I’ve mentioned the tragedy of lost businesses but also the importance of this movement. How do I reconcile these two conflicting ideas? A lot of cognitive dissonance, and also the following anecdote.


A couple years ago the Chicago Blackhawks won the Stanley Cup. My friend and I went to Wrigley field to celebrate. When I got there, it was like nothing I’ve ever seen. Crowds bellowing in the street, people dancing on top of cars, girls taking off their tops. We were walking through a sea of smiling faces. The energy was positive and electrifying.


As the night went on, however, things started to change. Mob mentality took a hold and the positive energy turned into something else. Cars and trucks were flipped to their sides. Bricks were thrown through windows. Stores were looted. Police on horseback marched the crowd down the street through Broadway. I was 21 at the time and I remember breaking into a smoke shop and grabbing a bong (which was later smashed in the street). It was chaos. The initial positive vibe from the Blackhawks winning the Stanley Cup had dissipated and what was left was simply destruction and belligerence.


The next day, there was nothing on the news about this looting. It was like it didn’t happen. The shop owners on Broadway just had to deal with their losses, which were an inadvertent casualty of the Blackhawks win.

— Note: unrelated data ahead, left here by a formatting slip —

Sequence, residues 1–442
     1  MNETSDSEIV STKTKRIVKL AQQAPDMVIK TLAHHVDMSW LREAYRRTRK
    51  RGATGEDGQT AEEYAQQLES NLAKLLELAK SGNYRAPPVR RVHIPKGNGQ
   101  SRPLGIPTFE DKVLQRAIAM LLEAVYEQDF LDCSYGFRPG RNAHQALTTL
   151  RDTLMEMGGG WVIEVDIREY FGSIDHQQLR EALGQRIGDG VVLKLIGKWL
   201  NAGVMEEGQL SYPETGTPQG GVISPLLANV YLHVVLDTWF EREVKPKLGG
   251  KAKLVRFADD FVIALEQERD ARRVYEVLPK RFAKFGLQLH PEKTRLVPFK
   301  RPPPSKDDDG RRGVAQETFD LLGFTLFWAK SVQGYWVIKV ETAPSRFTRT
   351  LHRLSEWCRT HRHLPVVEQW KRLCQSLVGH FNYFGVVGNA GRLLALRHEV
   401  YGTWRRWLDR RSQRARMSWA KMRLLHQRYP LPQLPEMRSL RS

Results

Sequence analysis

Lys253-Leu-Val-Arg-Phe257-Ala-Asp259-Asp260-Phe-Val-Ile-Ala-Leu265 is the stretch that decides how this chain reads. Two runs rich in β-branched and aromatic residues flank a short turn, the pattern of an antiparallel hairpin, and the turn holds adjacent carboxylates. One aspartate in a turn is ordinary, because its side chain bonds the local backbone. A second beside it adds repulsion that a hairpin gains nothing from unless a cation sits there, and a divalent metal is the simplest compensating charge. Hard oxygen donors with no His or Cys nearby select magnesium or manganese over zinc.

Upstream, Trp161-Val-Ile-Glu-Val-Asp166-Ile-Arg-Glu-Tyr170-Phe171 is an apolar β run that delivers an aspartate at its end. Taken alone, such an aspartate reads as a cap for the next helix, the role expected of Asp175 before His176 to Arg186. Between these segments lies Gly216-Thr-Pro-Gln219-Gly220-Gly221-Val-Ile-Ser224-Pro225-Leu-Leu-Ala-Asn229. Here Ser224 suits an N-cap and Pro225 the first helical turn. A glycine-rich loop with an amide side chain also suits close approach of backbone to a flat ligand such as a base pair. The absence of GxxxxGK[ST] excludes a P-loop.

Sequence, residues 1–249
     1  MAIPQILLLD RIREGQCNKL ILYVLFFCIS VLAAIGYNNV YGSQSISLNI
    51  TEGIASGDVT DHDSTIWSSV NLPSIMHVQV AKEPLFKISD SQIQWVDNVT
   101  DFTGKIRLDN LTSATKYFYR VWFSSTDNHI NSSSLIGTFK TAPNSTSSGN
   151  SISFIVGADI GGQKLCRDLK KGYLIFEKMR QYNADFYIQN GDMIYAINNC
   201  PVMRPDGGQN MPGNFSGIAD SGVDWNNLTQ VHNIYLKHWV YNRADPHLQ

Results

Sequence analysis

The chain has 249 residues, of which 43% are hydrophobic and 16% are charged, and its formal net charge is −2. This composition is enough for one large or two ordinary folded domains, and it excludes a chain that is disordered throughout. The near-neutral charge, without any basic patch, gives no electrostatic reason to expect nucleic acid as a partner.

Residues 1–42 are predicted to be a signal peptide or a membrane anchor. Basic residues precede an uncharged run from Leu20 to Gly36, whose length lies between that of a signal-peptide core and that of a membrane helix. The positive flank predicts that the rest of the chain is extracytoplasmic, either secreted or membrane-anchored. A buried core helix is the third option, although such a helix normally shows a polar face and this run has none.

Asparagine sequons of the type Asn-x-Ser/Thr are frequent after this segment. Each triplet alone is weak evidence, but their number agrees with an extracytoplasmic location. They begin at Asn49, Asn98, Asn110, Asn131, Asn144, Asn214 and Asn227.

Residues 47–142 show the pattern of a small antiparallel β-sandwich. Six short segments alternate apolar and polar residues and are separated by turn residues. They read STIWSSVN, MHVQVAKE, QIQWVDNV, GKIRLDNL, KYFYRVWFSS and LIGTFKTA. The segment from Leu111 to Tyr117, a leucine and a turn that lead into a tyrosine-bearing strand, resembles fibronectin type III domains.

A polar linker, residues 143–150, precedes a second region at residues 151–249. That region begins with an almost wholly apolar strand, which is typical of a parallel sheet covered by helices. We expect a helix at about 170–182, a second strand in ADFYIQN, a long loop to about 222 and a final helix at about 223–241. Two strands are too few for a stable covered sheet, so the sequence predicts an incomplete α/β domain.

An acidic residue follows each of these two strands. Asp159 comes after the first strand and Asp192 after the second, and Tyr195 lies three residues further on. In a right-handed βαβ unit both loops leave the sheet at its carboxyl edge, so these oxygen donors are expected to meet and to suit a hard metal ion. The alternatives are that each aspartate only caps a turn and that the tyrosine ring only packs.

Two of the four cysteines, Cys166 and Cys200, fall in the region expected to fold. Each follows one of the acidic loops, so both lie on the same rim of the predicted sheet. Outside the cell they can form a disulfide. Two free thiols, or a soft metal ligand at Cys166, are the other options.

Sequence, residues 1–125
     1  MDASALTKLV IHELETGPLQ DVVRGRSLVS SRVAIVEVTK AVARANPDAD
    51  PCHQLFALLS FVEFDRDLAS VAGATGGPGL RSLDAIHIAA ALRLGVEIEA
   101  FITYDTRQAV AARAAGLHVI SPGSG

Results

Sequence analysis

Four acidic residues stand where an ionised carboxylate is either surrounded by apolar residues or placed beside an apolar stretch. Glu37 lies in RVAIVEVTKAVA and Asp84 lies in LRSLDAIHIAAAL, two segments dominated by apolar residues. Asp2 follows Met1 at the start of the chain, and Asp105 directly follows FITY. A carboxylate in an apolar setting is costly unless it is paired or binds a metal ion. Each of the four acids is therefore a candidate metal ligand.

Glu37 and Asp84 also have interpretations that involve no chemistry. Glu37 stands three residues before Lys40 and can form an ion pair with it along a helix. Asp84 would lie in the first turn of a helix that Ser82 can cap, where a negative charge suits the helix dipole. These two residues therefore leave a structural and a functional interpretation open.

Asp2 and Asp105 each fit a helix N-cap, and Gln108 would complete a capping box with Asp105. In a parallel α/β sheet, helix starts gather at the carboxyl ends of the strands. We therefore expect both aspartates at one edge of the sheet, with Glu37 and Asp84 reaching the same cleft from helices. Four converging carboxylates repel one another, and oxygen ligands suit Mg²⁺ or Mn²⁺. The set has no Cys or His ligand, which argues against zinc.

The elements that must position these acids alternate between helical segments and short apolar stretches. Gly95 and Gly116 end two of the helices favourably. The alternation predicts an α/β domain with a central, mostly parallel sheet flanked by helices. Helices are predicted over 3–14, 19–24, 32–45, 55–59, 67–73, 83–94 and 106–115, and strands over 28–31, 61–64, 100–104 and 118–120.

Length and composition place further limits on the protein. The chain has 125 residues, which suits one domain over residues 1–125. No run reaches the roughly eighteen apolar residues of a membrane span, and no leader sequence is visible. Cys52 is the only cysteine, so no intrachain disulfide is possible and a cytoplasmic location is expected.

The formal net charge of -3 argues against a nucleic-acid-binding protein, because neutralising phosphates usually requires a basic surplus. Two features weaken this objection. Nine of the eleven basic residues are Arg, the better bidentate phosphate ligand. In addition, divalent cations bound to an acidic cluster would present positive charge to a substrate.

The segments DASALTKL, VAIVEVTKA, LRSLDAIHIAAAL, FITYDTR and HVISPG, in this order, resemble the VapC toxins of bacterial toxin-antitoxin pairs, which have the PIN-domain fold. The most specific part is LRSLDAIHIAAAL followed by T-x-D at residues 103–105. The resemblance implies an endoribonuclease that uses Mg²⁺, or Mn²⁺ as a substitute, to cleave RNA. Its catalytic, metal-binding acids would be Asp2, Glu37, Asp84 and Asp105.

There are protesters and there are rioters. They sometimes overlap but the majority of protesters go out there with good intentions and rioters go out to take advantage of a bad situation. It’s important to not let the chaotic behavior of the rioters diminish the necessary work of the protesters.


It has been revealed to the public that U.S. government agencies have been infiltrating peaceful protests for as long as there have been protests. During the hippie movement in the 60’s the CIA had undercover operatives join hippie communes and distribute LSD while inciting violence. During the Occupy Wall Street movement a couple years back, the FBI implanted undercover operatives amongst the peaceful protesters who caused violence and pushed police officers to make arrests. This tactic diminishes the main purpose of the protests and allows the media to showcase the protests in a negative light. The protesters are called thugs by association.


The best way to protest is peacefully. The best way to protest so that was can come out of this with minimum damage is with civil disobedience. However, from what I’ve personally seen and from what social psychology tells us, large gatherings of energized people can result in mob mentality and consequently collateral damage. If we can destroy and loot part of the city for the Blackhawks, we can definitely tolerate the destruction and looting that is a by product of protesting the murder of a black man and the continuous lack of justice for black victims. It’s important to think critically and not be easily swayed one way or another by what you see on the news or on social media. 


Hoping this movement makes a positive change and doing what I can to help. The Community Bond Fund is a way to hep out protesters who are randomly arrested. Reach out to me @runwoodie or runwoodie@gmail.com or go right to @chibondfund for more info. We're in this shit together.